Figure 1: (a) Clinical photograph of the maxillary right central showing fractured crown. (b) Diagnostic periapical radiograph showing apical root fracture, crown fracture with open access cavity left without filling. (c) Periapical radiograph after the second trauma showing large apical radiolucency and fractured apical third of the root (arrow). Sinus tract traced with gutta-percha

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Three weeks ago, before he showed up to our clinic, the patient was subjected to another trauma affecting the same teeth. The medical history was noncontributory. Clinical examination revealed a crown fracture of #11 and labial sinus tract. Both teeth were sensitive to percussion and palpation and no response to cold or electric pulp tester. The remaining anterior teeth responded to pulp test within normal limits. The access cavity of #11 has no filling.

Radiographic examination demonstrated a root fracture in the apical third of tooth #11 with the large radiolucent area and incomplete root canal treatment. Tracing the sinus tract with size 30 Gutta-percha pointed at tooth #12 [Figure 1]c. Pulp necrosis of both teeth with apical pathosis was diagnosed. Complete chemomechanical debridement was achieved for both teeth under rubber dam isolation. The apical third of the canal of #11 was plugged with mineral trioxide aggregate (MTA) (ProRoot MTA, Dentsply, USA) [Figure 2]a and the remaining part with gutta-percha and AH26 cement (Dentsply Maillefer, Switzerland) as well as tooth #12.
Figure 2: (a) Mineral trioxide aggregate plug filling the apical part of tooth #11. (b) Post and core construction. Note the obturation of tooth #12

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Post and core were constructed for tooth #11 [Figure 2]b. The patient returned in 1 month with symptoms. Under local anesthesia, a flap was raised, and the apical root segment of tooth #11 was removed with the apical lesion [Figure 3]a and [Figure 3]b. The surgical site was copiously irrigated with saline and the apical portion of the root was beveled and a subsequent radiograph indicated the periapical area was clean. The flap was repositioned and sutured. Analgesic and systemic antibiotic were prescribed, and the sutures were removed after 5-days.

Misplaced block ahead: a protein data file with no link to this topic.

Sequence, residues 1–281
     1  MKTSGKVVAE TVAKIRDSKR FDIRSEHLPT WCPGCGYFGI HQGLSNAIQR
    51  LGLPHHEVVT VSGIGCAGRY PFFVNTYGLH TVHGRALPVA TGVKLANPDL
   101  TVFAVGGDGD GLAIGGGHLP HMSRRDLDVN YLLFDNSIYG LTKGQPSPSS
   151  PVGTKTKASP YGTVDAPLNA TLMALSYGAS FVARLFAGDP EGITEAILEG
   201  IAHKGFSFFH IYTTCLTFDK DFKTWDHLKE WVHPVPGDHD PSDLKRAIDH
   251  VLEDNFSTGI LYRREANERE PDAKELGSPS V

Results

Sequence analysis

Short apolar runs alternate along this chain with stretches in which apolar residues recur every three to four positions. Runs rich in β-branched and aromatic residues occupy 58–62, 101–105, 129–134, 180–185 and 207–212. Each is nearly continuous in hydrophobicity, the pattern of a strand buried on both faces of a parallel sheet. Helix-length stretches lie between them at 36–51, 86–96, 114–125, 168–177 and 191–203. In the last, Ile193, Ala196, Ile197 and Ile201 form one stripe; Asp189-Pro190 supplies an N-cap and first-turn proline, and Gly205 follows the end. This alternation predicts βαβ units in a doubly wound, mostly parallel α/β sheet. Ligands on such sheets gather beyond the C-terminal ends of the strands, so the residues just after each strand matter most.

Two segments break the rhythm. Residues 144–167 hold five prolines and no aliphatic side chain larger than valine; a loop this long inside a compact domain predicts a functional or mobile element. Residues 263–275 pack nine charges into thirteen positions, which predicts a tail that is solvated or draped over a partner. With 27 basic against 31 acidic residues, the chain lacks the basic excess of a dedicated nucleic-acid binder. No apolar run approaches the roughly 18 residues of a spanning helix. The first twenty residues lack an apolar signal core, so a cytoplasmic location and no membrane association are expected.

Figure 3: (a) Clinical and (b) radiographic images during periapical surgery. Radiograph was taken before suturing

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The patient was referred to finish the crown [Figure 4]a. The patient did not return for follow-up examination. One and a half years after surgery, the patient came for endodontic treatment of the mandibular left first molar. Radiographic examination of teeth #11 and 12 showed a normal periapical pattern [Figure 4]b. Histopathologic examination of the periapical lesion demonstrated tissue necrosis and fungal hyphae [Figure 5].
Figure 4: (a) Clinical photograph after crown construction. (b) One and half year follow-up radiograph showing normal periapical healing

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Figure 5: Photomicrograph showing necrosis with fungal hyphae

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  Discussion Top

Crown and intra-alveolar root fractures can occur as a result of dental trauma. In general, many factors play an important role in influencing the outcome and pattern of healing. The most important are the length of time between trauma and treatment, degree of mobility, site of crown and root fracture, stage of root development, and quality of endodontic therapy.[1],[2],[3],[4],[5],[6],[7],[8],[9] In the current case, the patient was subjected to trauma 6 years ago without proper management that resulted in pulpal necrosis with apical pathosis. This is usually the result of delayed management.[26]

It has been reported that the longer the time between injury and endodontic treatment, the worse the effects on healing.[1],[3],[7],[9] In fact, root fracture of the apical third was reported to have favorable prognosis compared to fracture of the coronal and middle third fractures due to difficulty in immobilization and exposure of the pulp to bacterial contamination in the oral environment.[7],[27] Healing of the fractured apical third was not observed in the current case due to delayed treatment and coronal microbial contamination.

The histological report of the present case revealed tissue necrosis and fungal hyphae. This may indicate that fungi may play a role in the development of periapical lesion.[24],[25],[28] Early endodontic therapy is very important.

Numerous bacterial species and fungi have been demonstrated to be associated with unfilled or failed root canal treatment. The penetration of bacteria into the dentinal tubules was shown to ranged from 10 to 150 µm.[24] Furthermore, fungi are members of the oral microbiota that have been found only occasionally in primary root canal infections.[17],[18],[19],[20],[21],[22],[23],[24]

Surgical intervention was performed due to persistent symptoms and the contaminated root fragment. It was done to accelerate periradicular healing. This treatment supported previous studies.[14],[15] Bacteria remaining in the root canal after chemomechanical procedures and obturation had the potential to escape or resist these procedures, survive, and rapidly adapt to this drastic situation that resulted in altered environment.[17] Mineral trioxide aggregate was used to plug the apical third due to the large canal. This helped in getting good prognosis with the surgical intervention due to the superior sealing ability of MTA as well as tissue biocompatibility.[29],[30]

  Conclusion Top

It was suggested that failure of the current case report was due to several factors:

  1. The patient did not continue the endodontic treatment after trauma which occurred earlier, 6 years ago
  2. Bacterial and fungal contamination present in the root canal and periradicular area are due to open access cavity for a long time
  3. The inability of performing good chemomechanical cleaning of the root canal system because of the inaccessible location of the microorganisms in the accessory canals, dentinal tubules, and apical region. These findings are supported by the previous numerous investigators.[13],[17],[19],[24],[25],[31]

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Conflicts of interest

There are no conflicts of interest.

  References Top